the network life duration. The routing engine may prefer a "longer" the network life duration.
path that traverses mains-powered nodes or nodes equipped with energy
scavening, rather than a "shorter" path through battery operated
nodes.
Power and energy are clearly critical resources, given the name of The routing engine may prefer a "longer" path that traverses mains-
our working group. As yet there are no simple abstractions which powered nodes or nodes equipped with energy scavening, rather than a
adequately cover the broad range of power sources and energy storage "shorter" path through battery operated nodes.
devices used in existing LLN nodes. These include line-power,
primary batteries, energy-scavengers, and a variety of secondary Power and energy are clearly critical resources in LLNs. As yet
storage mechanisms. Scavengers may provide a reliable low level of there are no simple abstractions which adequately cover the broad
power, such as might be available from a 4-20mA loop; a reliable but range of power sources and energy storage devices used in existing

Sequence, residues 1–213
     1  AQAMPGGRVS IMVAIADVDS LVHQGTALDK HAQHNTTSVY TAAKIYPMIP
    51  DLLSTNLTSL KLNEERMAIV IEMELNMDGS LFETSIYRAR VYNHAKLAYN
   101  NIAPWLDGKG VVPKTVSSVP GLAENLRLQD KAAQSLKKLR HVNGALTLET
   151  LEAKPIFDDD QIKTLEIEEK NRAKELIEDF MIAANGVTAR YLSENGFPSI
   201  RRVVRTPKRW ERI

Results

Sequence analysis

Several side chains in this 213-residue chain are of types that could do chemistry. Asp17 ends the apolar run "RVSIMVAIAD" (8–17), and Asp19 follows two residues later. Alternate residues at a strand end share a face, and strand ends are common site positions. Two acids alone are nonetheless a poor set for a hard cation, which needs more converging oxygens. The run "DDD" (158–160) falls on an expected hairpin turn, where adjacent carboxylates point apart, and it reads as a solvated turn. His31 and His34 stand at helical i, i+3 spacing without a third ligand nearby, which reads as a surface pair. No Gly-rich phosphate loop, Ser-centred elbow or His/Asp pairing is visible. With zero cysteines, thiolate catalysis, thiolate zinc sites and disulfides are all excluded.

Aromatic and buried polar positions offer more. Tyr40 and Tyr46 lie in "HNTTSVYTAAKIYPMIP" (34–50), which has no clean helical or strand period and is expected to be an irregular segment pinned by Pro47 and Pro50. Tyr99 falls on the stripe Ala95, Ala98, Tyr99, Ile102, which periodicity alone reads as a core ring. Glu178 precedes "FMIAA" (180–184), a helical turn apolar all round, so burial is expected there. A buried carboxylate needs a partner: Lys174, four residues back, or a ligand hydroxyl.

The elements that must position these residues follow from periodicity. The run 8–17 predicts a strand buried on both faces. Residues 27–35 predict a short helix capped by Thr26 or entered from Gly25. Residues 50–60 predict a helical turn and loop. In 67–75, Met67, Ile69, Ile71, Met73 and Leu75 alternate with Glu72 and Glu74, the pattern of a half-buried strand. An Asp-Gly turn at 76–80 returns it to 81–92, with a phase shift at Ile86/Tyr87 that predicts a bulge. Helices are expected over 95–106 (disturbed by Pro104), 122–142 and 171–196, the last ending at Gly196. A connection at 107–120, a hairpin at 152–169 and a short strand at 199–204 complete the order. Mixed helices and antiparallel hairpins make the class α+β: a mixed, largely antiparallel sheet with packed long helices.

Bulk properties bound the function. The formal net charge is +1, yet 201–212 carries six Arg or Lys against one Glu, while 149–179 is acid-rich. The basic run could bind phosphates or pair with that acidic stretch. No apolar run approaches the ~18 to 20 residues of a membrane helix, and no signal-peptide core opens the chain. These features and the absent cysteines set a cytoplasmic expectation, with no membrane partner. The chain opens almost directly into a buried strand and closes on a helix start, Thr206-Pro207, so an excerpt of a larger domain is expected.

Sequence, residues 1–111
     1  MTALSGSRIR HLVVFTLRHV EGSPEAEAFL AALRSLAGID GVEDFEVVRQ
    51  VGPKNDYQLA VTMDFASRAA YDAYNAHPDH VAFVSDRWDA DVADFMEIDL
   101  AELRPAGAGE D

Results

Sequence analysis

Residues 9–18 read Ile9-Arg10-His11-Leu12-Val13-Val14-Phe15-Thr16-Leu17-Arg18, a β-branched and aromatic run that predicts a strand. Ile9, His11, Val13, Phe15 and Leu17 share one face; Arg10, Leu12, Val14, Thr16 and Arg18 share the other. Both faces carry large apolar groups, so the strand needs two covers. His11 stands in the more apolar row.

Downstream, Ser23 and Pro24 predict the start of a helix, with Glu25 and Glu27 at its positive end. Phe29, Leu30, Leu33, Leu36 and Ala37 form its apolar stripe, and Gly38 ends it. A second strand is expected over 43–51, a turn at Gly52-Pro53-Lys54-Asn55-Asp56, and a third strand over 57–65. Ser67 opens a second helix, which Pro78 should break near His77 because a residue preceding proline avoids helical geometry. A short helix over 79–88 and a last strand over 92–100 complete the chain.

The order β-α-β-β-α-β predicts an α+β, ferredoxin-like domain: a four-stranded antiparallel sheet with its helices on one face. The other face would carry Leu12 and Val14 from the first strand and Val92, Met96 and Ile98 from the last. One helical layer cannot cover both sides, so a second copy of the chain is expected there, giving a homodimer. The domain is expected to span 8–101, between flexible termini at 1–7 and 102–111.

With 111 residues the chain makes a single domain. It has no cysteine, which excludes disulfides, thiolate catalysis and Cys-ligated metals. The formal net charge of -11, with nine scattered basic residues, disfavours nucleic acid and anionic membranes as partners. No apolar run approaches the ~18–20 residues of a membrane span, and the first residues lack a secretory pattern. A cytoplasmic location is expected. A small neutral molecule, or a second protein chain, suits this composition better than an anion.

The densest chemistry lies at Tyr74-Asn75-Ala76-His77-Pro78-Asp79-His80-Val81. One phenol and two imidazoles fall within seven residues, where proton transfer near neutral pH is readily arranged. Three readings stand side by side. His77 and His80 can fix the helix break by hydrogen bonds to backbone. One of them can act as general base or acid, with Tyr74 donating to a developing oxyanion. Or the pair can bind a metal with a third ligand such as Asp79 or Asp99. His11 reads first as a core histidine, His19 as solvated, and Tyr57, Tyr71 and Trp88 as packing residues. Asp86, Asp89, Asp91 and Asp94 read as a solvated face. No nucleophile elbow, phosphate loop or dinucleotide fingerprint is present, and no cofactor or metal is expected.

periodic stream of power, such as provided by a well-positioned solar LLN nodes. These include line-power, primary batteries, energy-
cell; or unpredictable power, such as might be provided by a scavengers, and a variety of secondary storage mechanisms.
vibrational energy scavenger on an intermittently powered pump. Scavengers may provide a reliable low level of power, such as might
Routes which are viable when the sun is shining may disappear at be available from a 4-20mA loop; a reliable but periodic stream of
night. A pump turning on may connect two previously disconnected power, such as provided by a well-positioned solar cell; or
sections of a network. unpredictable power, such as might be provided by a vibrational
energy scavenger on an intermittently powered pump. Routes which are
viable when the sun is shining may disappear at night. A pump
turning on may connect two previously disconnected sections of a
network.
Storage systems like rechargeable batteries often suffer substantial Storage systems like rechargeable batteries often suffer substantial
degradation if regularly used to full discharge, leading to different degradation if regularly used to full discharge, leading to different
residual energy numbers for regular vs. emergency operation. A route residual energy numbers for regular versus emergency operation. A
for emergency traffic may have a different optimum than one for route for emergency traffic may have a different optimum than one for
regular reporting. regular reporting.
Batteries used in LLNs often degrade substantially if their average Batteries used in LLNs often degrade substantially if their average